Skip to main content

Due Diligence And Bought In Mailing Lists

Mon, 16/11/2020

Which Questions Should You Be Asking Your B2B Data Supplier?

Last month the Information Commissioner's Office (ICO) took enforcement action against credit reference giant Experian. After a two year investigation, the ICO could have fined Experian heavily but instead it opted for a polite request that Experian tackle its compliance issues. Proof that the ICO is not the ogre that jobbing data protection experts often allege.

But the ICO used the announcement to spread the word that if you buy in data, you need to do your own due diligence and make sure that the mailing list you are buying complies with GDPR. The ICO has put out a handy check-list of questions that you should be asking your data supplier.

Here are the ICO's basic list of questions that you should be asking Electric Marketing and other mailing list companies that you approach for data quotes.

Who compiled the data? Electric Marketing compiles its own list data. Nothing is outsourced or bought in.

Where was the data obtained from? We use publicly available sources and monitor the business press, business news websites and business social media. All information is checked, with a phone call to the company, before it is added to our mailing lists.

What were individuals told that their data would be used for? Electric Marketing emails every individual before they are added to our live database This is demanded by GDPR's Right To Be Informed and it is one of the issues that tripped up Experian. Our email explains that companies will contact them with news of products and services that are relevant to their job. This is behind our insistence that Electric Marketing lists can only be used for business-to-business marketing.

How old is the data and when was it last updated? Electric Marketing data is updated with a phone call to the company twice a year. During the pandemic, where we cannot contact all companies by phone, we are using email and online sources to verify some of our data. It is a labour-intensive process but Electric Marketing is proud of its reputation for reliable, accurate data and we think that this is worth the trouble.

How was the data collected - what was the context and method of collection? Data is sourced online and checked with a phone call to the company. As we only add senior managers, directors and decision makers to the mailing lists, we usually cannot speak to these busy individuals personally to confirm their information. So we rely on PAs, receptions and EAs to confirm that the information we have is correct. We do not make a phone call into a company until we are pretty sure that we have the correctly spelt name, job title, address and email address of the individual.

Records of consent (if it is 'consented data') - what did data subjects consent to, what were they told and was your company named? Electric Marketing's data is not 'consented data'. Note that for data to be 'consented', your company needs to be named when the data is collected ie before the list is sold to you. This is a new requirement under GDPR and it essentially knocked all consented lists out of the list market in 2018. If anyone is offering you a mailing list 'with all consents', this is now a red flag.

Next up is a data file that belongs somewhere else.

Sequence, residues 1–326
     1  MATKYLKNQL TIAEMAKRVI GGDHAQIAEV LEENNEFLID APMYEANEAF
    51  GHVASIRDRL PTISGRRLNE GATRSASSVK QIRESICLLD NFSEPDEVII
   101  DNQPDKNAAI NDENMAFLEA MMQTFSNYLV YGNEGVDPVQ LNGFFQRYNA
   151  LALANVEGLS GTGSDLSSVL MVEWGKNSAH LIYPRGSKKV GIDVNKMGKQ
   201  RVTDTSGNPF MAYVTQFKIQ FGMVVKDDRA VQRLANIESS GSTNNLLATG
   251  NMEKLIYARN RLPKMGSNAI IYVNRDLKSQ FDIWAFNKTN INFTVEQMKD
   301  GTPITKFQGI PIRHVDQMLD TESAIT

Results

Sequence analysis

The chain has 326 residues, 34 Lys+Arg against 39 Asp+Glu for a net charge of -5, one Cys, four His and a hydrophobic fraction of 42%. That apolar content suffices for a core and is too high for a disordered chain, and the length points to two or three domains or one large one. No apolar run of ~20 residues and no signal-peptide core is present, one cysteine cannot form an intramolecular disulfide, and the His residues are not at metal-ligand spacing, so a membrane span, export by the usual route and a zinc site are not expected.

Evidence that the data has been checked against opt-out lists - can it be demonstrated that data has been screened against the TPS or CTPS? We screen our data against the fresh CTPS list every morning. Electric Marketing takes a daily feed from the Corporate Telephone Preference Service (CTPS) which is a list of phone numbers of businesses which have opted out of received sales and marketing phone calls. On all Electric Marketing lists, phone numbers on the CTPS are marked with the letters CTPS before the phone numbers that you must not call. It is worth bearing in mind that companies on the CTPS must update their registration annually, so a company on the Do Not Call list last year, may no longer be on it.

How does the data supplier deal with individual's rights? Do they pass on objections? If an individual contacts Electric Marketing requesting to be removed from our mailing lists, they are immediately removed. We send an email to the clients who have accessed that data record in the last year. This does not happen too often as most individuals who are minded to unsubscribe do so when they receive our initial Right To Be Informed email. If a data subject contacts your company and wants to be removed from your list, it is up to you to remove them and keep your own file of your 'unsubscribes' so that you do not contact them again. I'm afraid we cannot do this bit for you.

What About PECR? PECR’s (Privacy & Electronic Communications Regulation) rule that consent must be given before marketing emails can be sent to individuals does not apply to business-to-business email marketing in the UK. The UK negotiated an opt-out for b2b email marketing back in 2003. PECR does apply to all consumer email marketing and also to all email marketing in the rest of the EU. Although the UK has left the EU, the rules of PECR and GDPR apply in the UK.

This might seem like a lot of questions but responsible data suppliers are well used to answering them. Plus you only have to do it once. Once you have satisfied yourself that your data supplier is compliant, you can stick with them. Electric Marketing has been supplying mailing lists for 29 years next month. We're happy that lots of companies have stuck with us and continue to trust us for reliable, accurate (and compliant) mailing lists.

If you are worried about GDPR and how it affects your business-to-business email marketing, please see our guide to GDPR for b2b marketers.